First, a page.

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Title:Effects of prepartum dietary energy and lipid supplementation on hepatic transcriptome profiles in dairy cows during the transition period
Author(s):Khan, Muhammad
Director of Research:Loor, Juan J.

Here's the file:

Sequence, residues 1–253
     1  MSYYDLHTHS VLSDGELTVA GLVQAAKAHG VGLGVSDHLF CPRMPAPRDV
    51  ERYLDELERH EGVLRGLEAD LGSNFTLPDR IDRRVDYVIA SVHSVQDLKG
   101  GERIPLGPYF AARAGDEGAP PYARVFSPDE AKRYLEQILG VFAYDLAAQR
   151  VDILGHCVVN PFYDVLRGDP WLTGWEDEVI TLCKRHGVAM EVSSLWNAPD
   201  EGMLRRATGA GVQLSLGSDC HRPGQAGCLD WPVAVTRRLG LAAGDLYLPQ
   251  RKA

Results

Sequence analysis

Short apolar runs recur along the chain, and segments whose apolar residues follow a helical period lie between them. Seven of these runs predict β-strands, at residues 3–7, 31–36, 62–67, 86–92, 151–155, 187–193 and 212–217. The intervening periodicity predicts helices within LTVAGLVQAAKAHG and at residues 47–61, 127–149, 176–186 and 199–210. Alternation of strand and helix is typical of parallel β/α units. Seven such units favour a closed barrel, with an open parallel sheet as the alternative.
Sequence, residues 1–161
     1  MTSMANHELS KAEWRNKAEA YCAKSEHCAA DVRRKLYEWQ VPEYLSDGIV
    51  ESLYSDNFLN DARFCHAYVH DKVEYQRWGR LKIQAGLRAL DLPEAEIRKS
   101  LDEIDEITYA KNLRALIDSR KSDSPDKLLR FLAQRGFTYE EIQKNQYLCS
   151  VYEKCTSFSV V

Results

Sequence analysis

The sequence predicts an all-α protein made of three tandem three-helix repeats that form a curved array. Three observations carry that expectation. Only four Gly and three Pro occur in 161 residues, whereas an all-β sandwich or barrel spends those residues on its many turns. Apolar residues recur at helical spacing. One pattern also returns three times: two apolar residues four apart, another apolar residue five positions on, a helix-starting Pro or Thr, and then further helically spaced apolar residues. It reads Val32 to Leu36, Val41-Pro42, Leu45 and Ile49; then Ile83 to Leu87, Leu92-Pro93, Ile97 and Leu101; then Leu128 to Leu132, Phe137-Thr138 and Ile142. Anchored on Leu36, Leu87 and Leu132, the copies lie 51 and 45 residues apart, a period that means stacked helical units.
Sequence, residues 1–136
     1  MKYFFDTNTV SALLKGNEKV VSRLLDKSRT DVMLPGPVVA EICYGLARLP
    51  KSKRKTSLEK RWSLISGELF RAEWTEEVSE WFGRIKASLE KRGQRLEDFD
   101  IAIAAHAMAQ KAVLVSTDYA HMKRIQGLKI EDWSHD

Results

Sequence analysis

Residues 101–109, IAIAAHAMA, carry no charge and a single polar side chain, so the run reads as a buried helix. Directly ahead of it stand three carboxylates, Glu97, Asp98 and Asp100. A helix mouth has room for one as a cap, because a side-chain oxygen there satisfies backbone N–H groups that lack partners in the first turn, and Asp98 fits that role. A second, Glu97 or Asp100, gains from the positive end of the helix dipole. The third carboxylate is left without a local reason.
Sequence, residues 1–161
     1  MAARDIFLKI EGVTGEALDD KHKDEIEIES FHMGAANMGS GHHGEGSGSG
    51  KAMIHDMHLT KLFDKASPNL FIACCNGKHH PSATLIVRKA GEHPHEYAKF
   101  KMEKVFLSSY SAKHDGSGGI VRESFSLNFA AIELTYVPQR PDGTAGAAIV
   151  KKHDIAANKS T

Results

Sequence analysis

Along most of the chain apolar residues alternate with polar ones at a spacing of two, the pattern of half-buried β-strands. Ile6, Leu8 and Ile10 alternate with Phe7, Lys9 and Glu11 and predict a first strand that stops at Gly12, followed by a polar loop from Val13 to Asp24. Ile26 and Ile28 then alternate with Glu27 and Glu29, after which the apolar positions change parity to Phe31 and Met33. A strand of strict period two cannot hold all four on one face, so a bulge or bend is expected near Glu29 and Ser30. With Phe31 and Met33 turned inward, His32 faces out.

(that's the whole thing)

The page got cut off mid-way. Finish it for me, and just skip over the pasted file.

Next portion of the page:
Doctoral Committee Chair(s):Loor, Juan J.
Doctoral Committee Member(s):Drackley, James K.; Hurley, Walter L.; Pan, Yuan-Xiang
Department / Program:Animal Sciences
Discipline:Animal Sciences
Degree Granting Institution:University of Illinois at Urbana-Champaign
Subject(s):transition period
Dairy cows